The most tedious laundry time is not the actual washing and drying; Loading a washing machine and pushing the “start” button is really pretty simple! No… the dreaded part is what follows: the sorting, folding, and putting away. Each family member has a pile of shirts, a pile of pants, a pile of pajamas, a pile of socks… you get the idea. You then go into a dozen different drawers to put all of those tiny piles away, knowing that after all the work is done, you will have just as much laundry again tomorrow. Laundry is a necessary job, but can be a thankless one with very little feeling of accomplishment!
Allow me to share a laundry method I began several years ago, that has largely eliminated the tedium of laundry, and greatly increased my overall efficiency. The gist of it can be summed up in two rules:
- Each person in our family gets their laundry done only once a week
- We only wash laundry for two people at a time.
Until wash day, we have one hamper for every two people. I use tall, narrow plastic ones (Rubbermaid or similar) because they hold a lot and are easy to fit in the bedrooms. Iron Man and I have our laundry day on Monday, the two older boys have Tuesday, the two older girls have Wednesday, and the littlest two have Thursday. We typically do two loads each day: a load each of lights and a load of darks. If there is an excessive amount on a day, we’ll do a third load of whites. Towels are tossed in with the light or white clothing of that day, and sheets are done on the sheet owner’s laundry day. Sometimes we have to do a load of towels and washcloths on a Friday or Saturday if we are running low.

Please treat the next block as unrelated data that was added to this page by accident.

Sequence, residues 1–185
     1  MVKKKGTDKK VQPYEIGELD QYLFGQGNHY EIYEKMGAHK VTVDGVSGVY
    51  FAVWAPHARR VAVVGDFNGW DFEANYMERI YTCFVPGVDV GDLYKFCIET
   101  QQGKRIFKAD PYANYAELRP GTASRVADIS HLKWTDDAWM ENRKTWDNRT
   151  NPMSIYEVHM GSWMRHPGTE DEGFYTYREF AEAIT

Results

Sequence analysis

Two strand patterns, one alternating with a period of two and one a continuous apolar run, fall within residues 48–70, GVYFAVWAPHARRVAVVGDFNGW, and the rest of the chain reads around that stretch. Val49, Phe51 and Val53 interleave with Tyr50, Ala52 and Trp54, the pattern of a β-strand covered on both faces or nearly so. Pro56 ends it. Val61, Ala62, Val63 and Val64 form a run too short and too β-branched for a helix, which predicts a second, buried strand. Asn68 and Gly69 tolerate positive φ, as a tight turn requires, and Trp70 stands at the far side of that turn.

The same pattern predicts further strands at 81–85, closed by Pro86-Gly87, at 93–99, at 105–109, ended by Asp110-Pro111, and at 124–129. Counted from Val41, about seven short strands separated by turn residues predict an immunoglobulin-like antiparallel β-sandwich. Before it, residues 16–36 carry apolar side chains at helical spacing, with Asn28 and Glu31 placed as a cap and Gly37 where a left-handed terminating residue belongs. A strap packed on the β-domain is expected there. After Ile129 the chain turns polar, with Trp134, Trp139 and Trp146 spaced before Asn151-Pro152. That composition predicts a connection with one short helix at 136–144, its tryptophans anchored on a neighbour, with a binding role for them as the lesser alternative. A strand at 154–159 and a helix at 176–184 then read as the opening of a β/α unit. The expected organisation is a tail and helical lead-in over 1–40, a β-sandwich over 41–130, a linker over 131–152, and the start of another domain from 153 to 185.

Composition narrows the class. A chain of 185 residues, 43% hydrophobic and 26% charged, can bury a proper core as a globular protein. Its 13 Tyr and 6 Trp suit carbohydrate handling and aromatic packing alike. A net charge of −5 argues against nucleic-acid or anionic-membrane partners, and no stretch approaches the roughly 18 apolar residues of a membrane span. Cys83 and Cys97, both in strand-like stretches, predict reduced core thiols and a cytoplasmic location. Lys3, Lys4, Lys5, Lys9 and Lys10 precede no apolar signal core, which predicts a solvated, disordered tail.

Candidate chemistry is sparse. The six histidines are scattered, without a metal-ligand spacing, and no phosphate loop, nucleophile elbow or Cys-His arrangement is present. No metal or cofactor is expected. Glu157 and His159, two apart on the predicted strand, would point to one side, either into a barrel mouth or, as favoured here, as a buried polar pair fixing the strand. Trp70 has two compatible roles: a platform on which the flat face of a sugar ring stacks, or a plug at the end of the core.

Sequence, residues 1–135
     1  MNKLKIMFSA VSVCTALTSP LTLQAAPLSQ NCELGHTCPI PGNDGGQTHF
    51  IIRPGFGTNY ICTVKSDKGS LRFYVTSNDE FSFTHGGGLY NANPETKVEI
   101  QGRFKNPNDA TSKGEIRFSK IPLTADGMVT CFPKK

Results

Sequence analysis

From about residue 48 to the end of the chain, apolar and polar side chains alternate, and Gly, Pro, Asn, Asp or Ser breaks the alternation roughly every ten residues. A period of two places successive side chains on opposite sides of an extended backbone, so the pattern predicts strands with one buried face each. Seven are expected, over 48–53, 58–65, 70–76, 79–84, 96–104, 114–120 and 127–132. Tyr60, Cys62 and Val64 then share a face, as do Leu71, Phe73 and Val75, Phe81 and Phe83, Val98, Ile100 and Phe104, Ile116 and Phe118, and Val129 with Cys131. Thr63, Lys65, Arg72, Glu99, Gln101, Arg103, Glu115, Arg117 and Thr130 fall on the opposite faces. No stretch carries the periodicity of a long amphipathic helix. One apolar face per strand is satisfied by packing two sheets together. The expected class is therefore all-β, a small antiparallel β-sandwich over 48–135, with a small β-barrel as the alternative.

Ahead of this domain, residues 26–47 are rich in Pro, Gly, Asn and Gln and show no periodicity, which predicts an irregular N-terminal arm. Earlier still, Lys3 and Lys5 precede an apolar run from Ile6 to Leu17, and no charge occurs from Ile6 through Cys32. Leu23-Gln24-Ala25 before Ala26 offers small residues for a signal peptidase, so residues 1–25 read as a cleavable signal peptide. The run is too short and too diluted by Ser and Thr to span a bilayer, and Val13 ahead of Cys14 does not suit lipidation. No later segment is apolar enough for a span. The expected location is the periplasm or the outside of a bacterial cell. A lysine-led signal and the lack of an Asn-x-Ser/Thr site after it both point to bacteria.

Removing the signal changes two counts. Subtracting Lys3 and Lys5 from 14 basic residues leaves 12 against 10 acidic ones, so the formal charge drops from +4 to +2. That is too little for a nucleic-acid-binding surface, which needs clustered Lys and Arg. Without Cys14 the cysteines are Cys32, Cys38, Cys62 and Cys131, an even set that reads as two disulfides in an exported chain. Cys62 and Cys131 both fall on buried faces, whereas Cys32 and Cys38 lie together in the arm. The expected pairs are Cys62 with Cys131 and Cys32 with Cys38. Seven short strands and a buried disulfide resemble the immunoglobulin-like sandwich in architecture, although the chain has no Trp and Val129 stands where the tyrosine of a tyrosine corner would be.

Benefits to this system include:
- Efficiency: When the clothes come out of the dryer, we only have to sort clothes among two people, and then it all goes into one room to be put away. Each child helps with laundry on “their” laundry day. This has made laundry a breeze in my home. It’s actually easier to do laundry now, with eight family members than it used to be with just three or four, even though the actual volume of wash has increased significantly.
- Education: This system gives me the opportunity to devote individual time with each child in teaching them about doing laundry. I start involving the children in helping from the age of two or three, by having them fold washcloths. By the time they are four or five, they can assist with sorting the laundry by color for washing, as well as helping to fold and put clothes away. By age seven, they can do all these tasks almost entirely on their own. My four oldest children (ages 4-9) do their laundry almost entirely by themselves on their laundry day, working together with their laundry pal.
- Accomplishment: I also have a feeling of accomplishment that was missing before. Even though I will have just as much laundry the next day, it feels good to know that I am done with someone’s laundry for a whole week!
A large amount of time could be spent on matching up socks. Here are a few tips that have greatly simplified this process in our family:
- We limit the types of socks everyone owns. Each child owns only two sock types: all matching white, and all matching black.
- No person’s socks match anyone else’s socks. For example… one son might have white socks with a gray stripe at the toes, while the other son has a red stripe. Two piles of boys socks: Gray Stripe and Red Stripe. All the gray stripe socks match each other, and all the red stripe socks match. No tedious process of matching up socks